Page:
My theory is that after getting to know me, these friends are simply accepting me as I am.  When I interrupt a serious conversation to make a joke, they chuckle – or not – and move on.  When they ask a seemingly trivial question and it takes me 5 or 10 minutes to respond, they have faith that there’s something in there worth hearing, or maybe recognize my passion about it so they care too. Of course, this only happens once I get to know them enough that I trust them not to react badly when I relax a bit and just be myself.

Ultimately, what I think is going on here is something we in the autism community have been asking from society at large: in forming a bond based on respect and trust, my friends have adapted to a wider range of communication styles so seamlessly that they did not realize they were doing it.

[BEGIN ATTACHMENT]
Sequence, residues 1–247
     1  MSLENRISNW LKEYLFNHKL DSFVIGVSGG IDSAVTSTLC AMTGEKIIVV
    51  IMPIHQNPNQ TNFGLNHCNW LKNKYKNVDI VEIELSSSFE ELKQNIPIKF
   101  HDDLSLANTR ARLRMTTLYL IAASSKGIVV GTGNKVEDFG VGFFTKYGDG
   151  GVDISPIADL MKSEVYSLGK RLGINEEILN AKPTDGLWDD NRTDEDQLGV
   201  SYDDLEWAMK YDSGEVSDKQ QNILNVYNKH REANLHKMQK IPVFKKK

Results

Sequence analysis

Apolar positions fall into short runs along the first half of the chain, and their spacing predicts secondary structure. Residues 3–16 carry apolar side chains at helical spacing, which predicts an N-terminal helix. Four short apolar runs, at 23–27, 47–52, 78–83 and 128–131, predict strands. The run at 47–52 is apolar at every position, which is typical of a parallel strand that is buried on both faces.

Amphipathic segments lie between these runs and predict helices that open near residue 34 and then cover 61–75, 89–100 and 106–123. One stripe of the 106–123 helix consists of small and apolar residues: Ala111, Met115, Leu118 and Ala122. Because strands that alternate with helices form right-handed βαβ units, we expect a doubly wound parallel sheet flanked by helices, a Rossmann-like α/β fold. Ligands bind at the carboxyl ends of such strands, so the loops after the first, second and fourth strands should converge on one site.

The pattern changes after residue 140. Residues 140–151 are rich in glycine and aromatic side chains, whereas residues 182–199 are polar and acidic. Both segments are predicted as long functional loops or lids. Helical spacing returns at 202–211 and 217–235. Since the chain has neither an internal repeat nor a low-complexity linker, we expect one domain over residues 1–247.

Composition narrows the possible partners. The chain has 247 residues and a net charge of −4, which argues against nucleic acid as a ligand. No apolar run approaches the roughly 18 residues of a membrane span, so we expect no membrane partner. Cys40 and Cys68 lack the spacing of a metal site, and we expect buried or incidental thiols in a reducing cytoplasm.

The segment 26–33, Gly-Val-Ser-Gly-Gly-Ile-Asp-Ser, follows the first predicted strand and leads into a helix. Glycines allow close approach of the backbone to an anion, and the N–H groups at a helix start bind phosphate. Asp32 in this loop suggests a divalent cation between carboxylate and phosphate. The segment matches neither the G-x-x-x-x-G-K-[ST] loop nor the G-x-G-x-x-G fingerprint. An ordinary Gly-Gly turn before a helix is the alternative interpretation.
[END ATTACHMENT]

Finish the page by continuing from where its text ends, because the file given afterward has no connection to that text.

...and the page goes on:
The third part of the conversation, the part where I point out all the clues and they say “oh yeah, that makes sense,” tends to confirm this theory.  These were occasions where the autism came shining through and they didn’t notice, or if they did they wrote it off.  A friend’s mother was in town visiting and he wanted to introduce her to some neighbors, of which I am one.  The meeting was so awkward that for the rest of her visit if I happened to see her in the yard, she’d stop playing with the grandkids and just glare at me with arms akimbo until I walked out of sight.  His comment was “don’t worry about it, she doesn’t really know you.”

She doesn’t really know you.